EU Safe Harbor (is the European Commission's Directive on Data Protection that went into effect in October 1998 and prohibits the transfer of personal data to non-European Union countries that do not meet the European Union (EU) "adequacy" standard for privacy protection. While the United States and the EU share the goal of enhancing privacy protection for their citizens, the United States takes a different approach to privacy from that taken by the EU.
Safe Harbor stipulations require that: companies collecting personal data must inform people that the data is being gathered, and tell them what will be done with it; they must obtain permission to pass on the information to a third party; they must allow people access to the data gathered; data integrity and security must be assured; and a means of enforcing compliance must be guaranteed.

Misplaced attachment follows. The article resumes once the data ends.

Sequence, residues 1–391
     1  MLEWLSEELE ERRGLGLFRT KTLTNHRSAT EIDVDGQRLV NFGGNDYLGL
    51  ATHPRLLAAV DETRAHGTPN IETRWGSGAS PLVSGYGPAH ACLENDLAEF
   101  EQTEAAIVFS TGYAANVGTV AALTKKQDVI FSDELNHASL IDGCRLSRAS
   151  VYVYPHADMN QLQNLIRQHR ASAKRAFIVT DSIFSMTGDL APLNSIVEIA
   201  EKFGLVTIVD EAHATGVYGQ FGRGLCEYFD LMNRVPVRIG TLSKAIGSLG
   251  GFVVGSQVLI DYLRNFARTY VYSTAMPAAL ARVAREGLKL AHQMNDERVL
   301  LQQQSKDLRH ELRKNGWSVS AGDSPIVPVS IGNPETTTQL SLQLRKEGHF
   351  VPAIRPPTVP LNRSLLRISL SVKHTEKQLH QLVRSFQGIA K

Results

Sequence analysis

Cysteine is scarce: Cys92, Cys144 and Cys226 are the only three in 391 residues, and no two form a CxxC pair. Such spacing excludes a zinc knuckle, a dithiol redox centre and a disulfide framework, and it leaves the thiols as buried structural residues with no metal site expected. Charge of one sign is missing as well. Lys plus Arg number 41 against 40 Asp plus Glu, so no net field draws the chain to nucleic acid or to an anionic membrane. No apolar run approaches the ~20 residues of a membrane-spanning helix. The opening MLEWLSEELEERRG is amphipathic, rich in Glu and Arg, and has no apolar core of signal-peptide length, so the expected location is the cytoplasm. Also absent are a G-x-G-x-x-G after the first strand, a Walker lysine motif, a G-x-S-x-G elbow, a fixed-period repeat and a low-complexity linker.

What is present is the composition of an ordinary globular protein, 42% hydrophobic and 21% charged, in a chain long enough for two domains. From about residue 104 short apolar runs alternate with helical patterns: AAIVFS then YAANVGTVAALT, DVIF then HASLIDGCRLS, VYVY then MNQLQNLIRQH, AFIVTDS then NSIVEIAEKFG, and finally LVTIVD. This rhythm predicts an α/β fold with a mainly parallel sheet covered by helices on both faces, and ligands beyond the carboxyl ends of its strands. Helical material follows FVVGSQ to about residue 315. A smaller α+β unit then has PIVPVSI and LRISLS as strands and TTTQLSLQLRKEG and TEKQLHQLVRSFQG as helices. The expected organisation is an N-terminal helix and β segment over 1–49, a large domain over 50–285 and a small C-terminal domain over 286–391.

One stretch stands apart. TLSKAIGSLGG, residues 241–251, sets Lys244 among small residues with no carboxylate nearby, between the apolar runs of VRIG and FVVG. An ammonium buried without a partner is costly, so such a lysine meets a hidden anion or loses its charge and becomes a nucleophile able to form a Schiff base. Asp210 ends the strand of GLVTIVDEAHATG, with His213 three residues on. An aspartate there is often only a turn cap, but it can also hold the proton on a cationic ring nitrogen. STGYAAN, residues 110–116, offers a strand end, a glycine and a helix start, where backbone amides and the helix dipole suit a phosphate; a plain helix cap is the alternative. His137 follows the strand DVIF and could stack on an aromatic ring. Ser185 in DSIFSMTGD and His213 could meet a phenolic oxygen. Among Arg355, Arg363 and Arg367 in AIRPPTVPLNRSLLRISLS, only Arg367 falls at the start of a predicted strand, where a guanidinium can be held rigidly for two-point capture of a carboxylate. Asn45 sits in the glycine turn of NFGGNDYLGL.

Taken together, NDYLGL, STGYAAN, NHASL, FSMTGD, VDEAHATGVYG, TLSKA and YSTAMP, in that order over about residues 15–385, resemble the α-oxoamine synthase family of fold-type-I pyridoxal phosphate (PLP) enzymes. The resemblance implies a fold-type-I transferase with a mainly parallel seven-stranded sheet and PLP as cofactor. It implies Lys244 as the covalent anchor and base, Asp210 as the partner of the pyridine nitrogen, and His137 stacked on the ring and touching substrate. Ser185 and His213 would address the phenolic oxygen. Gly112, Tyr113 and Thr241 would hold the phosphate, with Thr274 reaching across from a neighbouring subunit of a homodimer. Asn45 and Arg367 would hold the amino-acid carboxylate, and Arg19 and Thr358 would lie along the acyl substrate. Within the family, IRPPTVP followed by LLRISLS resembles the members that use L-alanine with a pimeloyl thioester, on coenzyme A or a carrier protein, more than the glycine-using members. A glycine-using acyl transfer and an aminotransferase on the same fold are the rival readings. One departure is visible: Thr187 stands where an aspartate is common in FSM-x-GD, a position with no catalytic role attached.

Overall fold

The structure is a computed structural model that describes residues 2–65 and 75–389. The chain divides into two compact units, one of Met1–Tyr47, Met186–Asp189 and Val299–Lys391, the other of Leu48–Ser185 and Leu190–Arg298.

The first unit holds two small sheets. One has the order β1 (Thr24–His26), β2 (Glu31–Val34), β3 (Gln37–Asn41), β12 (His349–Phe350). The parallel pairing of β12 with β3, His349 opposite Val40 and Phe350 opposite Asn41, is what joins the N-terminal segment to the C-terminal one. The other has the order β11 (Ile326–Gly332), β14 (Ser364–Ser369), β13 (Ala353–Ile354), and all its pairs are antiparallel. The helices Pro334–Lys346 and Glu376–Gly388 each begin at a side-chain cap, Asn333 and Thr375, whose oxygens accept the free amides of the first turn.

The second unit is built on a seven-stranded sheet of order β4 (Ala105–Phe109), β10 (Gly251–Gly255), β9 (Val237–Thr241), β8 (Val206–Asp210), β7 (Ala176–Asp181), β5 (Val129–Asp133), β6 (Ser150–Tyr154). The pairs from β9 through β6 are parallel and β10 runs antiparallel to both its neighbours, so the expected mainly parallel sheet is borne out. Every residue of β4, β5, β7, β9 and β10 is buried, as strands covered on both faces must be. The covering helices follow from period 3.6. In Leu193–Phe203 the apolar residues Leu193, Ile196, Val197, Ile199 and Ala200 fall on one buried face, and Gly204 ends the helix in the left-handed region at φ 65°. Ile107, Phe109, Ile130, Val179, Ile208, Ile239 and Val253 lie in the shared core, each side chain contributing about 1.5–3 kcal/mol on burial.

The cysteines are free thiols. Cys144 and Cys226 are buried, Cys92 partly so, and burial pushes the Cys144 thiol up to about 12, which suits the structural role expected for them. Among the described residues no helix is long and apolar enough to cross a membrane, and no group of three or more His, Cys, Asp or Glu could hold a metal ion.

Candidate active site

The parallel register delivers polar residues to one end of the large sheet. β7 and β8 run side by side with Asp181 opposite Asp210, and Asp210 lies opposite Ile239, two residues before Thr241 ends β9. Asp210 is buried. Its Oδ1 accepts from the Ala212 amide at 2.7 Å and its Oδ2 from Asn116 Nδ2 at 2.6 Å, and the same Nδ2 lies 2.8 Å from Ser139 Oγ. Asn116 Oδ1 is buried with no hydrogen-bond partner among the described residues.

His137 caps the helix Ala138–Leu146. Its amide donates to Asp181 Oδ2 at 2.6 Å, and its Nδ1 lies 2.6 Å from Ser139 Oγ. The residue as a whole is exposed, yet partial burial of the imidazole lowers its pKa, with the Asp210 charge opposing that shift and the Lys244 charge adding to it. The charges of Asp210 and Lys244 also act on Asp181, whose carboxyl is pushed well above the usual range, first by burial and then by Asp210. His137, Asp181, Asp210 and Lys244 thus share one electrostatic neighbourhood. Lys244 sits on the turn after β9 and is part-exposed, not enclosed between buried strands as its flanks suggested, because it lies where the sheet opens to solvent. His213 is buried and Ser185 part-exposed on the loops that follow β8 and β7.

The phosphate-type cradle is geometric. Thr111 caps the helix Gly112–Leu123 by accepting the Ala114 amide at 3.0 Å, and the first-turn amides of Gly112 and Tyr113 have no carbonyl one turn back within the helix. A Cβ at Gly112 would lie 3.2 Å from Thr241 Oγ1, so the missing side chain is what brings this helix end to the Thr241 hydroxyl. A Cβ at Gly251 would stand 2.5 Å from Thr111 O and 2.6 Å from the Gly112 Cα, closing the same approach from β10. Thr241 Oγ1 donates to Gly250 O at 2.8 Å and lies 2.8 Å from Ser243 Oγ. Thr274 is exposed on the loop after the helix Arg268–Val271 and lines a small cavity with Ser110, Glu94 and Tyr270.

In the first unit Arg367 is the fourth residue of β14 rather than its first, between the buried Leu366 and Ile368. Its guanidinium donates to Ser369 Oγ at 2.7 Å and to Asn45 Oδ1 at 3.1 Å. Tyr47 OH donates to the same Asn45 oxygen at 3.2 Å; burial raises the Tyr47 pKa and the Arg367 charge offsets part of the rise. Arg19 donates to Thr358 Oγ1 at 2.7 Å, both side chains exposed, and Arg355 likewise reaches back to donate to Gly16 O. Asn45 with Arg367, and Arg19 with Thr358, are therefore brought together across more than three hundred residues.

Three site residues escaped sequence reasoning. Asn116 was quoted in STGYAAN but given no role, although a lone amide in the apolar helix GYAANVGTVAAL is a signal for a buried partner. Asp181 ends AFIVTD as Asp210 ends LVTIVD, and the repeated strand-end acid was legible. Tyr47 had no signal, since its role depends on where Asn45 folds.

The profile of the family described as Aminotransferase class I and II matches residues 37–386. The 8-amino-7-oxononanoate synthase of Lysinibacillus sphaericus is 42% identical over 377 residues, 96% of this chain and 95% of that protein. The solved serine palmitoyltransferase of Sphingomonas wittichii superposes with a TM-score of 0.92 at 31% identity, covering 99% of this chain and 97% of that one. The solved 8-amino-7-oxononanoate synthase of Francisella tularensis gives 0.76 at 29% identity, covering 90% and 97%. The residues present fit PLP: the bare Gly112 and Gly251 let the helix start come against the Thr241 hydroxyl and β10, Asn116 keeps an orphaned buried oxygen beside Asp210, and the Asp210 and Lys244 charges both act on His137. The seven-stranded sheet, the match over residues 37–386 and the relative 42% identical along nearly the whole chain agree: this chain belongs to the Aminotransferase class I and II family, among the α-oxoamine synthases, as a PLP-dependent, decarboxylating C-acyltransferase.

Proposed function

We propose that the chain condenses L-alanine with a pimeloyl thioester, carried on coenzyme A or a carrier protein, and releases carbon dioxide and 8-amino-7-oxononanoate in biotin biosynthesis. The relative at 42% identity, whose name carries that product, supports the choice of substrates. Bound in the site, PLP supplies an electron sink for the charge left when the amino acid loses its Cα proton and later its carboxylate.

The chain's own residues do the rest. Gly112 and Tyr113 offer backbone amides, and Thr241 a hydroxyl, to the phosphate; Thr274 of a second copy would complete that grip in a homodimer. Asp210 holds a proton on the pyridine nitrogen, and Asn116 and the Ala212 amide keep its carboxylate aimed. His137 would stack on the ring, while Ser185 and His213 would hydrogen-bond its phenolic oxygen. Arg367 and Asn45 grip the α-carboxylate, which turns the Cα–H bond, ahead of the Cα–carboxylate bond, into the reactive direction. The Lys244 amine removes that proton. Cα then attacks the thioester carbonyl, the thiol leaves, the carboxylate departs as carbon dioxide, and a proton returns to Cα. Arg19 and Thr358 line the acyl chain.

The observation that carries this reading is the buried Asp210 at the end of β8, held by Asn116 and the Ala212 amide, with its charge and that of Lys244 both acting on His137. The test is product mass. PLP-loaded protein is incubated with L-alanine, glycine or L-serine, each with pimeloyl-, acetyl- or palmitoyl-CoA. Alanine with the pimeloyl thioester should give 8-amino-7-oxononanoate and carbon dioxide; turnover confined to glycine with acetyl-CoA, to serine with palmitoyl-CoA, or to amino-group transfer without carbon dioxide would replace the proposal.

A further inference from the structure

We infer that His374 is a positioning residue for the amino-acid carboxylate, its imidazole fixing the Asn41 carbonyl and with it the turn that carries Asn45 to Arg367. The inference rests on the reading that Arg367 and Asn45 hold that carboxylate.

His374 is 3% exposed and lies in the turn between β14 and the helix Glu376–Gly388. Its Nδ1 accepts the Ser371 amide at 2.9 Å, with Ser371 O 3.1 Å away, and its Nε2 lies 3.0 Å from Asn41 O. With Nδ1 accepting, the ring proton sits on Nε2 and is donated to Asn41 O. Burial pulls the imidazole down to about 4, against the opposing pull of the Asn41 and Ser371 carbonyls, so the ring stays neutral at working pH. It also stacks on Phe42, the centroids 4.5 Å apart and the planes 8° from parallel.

The Safe Harbor directive was intended to provide a means for US companies to prove adequacy in their safe handling of private personal information of EU citizens, in accordance with EU standards. The directive was necessary since the vast chasm that exists between US rules, regulations and laws and those of the EU could never realistically be bridged on a national level.
"Uncertainty regarding the EU Safe Harbor Agreement occurred with a suit filed against the legality of Facebook's handling of personal information. Uncertainty remains at this time. Contract Guardian continues to employ good information governance practices and will address how the EU ultimately decides to define their data privacy standards.."